A Brief Post-Pilgrim History of Cape Ann
Also see brief histories of: Rockport, Manchester, Gloucester and Essex.
Three years after the Pilgrims land at Plymouth Rock, a group from
that colony arrives in Gloucester Harbor while looking for favorable fishing
grounds. At the present spot of Stage Fort Park, the first fishing stages
(drying areas) are built and a small temporary settlement is established.
Immigrants from The Dorchester Company of England permanently settle
the area and name it Gloucester, after Gloucester, England.
Manchester-by-the-Sea is chartered to the Massachusetts Bay Colony
by England. The town is formally incorporated in 1645.
Masconomo, the sagamore of the Agawam Indian nation, is paid 3
pounds and 19 shillings for all land rights to Manchester-by-the-Sea
The first schooner is launched. The superior speed and seaworthiness
of this vessel, invented in Gloucester, allowed fisherman to reach new
The first Universalist Church in America is founded in Gloucester.
Its spire still adorns Gloucester's skyline.
Judith Sargent Murray, self-educated philosopher and political
strategist, publishes her essay, "On The Equality Of The Sexes",
the first argument for women's equality found in American literature.
Essex, one of the original shipbuilding centers of New England,
is incorporated as a town.
The Great Blizzards of 1839 inspire great American poet Henry Wadsworth
Longfellow to write The Wreck of the Hesperus
Sandy Bay portion of Gloucester incorporates as the Town of Rockport
Gloucester arguably becomes the largest fishing port in the world.
Fifteen of seventy schooners fishing Georges Bank are lost at sea, creating
70 widows and 140 fatherless children.
Local fisherman Alfred Johnson becomes the first to sail alone
across the Atlantic Ocean.
The worst year in Gloucester history -- 249 fisherman are lost
Gloucester dory fisherman Howard Blackburn, lost off the coast
of Newfoundland in a storm, rows for 4 days with his dead dory mate, his
hands frozen to the oars. He returns to Gloucester months later, a legend
and symbol of the toughness of the fisherman. Blackburn later sails solo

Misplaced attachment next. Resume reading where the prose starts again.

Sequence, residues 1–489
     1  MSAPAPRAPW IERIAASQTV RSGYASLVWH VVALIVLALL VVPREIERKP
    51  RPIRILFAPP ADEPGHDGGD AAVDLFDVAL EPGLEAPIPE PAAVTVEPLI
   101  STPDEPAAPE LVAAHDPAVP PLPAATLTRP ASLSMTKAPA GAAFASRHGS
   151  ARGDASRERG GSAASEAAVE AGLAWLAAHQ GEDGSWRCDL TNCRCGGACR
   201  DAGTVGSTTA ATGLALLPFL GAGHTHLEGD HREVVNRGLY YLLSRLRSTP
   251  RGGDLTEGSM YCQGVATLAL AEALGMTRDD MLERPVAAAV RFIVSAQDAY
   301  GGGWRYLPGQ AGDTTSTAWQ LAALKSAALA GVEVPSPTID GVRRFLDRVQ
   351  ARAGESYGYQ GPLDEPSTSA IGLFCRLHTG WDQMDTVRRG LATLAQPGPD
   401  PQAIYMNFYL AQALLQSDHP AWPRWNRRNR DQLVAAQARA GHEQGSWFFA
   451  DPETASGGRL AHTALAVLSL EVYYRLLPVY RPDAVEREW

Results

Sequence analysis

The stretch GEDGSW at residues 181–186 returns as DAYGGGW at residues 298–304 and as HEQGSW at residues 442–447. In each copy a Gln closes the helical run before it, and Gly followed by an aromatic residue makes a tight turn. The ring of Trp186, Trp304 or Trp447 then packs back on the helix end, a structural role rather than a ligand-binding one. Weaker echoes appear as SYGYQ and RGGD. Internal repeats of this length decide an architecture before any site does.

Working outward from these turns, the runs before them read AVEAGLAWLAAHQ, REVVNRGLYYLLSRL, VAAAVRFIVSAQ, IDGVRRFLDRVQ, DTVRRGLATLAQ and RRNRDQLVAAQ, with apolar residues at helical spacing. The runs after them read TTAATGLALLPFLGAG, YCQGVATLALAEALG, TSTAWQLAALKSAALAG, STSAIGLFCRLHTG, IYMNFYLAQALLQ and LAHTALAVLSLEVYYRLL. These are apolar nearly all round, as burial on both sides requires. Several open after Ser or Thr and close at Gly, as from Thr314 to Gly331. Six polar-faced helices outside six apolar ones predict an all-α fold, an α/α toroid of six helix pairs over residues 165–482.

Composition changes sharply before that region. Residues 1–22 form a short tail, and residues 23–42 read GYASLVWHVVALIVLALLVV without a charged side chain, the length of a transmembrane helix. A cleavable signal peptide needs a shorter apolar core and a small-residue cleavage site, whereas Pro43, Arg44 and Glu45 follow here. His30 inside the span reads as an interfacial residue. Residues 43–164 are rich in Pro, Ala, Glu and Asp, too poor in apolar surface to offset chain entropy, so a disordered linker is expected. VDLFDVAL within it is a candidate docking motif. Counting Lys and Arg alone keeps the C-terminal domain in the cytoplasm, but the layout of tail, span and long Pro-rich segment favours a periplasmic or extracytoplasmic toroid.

across the Atlantic.
Gloucester becomes increasingly popular as a visitor destination.
The first fashionable hotels are built, including the Hawthorne Inn, built
by George O. Stacy.
The Church of Our Lady of Good Voyage is built, housing the first
carillon (a series of chromatic bells) built in America.
Joshua Slocum embarks from Gloucester on the first solo round-the-world
voyage in the "Spray".
North Shore Arts Association is founded, the largest collection
of art by Cape Ann artists exhibited in the history of New England. Many
members become internationally recognized including Fitz Hugh Lane and
Clarence Birdseye invents frozen packaging of fish, patents the
process and later sells it to General Foods, former owner of the world
famous Gorton's of Gloucester seafood company.
John Hays Hammond, holder of over 800 U.S. patents, finishes his
grand Hammond Castle overlooking Norman's Woe Rock, the setting of Longfellow's
The Wreck of the Hesperus
The last of the great fishing schooners, The Adventure,
makes her final trip, marking the end of the age of sail.
The Adventure is brought back to Gloucester as a living museum
to the great age of sail. The 121 foot schooner is now a National Historic
Landmark, and on Gloucester's Maritime Trail walking tour.
The first annual Gloucester Seafood Festival is held in celebration
of the city's maritime and historic significance as America's oldest working
Warner Brothers adapts Sebastian Junger's book 'Perfect Storm' for the big screen. Films tale
of the FV Andrea Gail in Gloucester.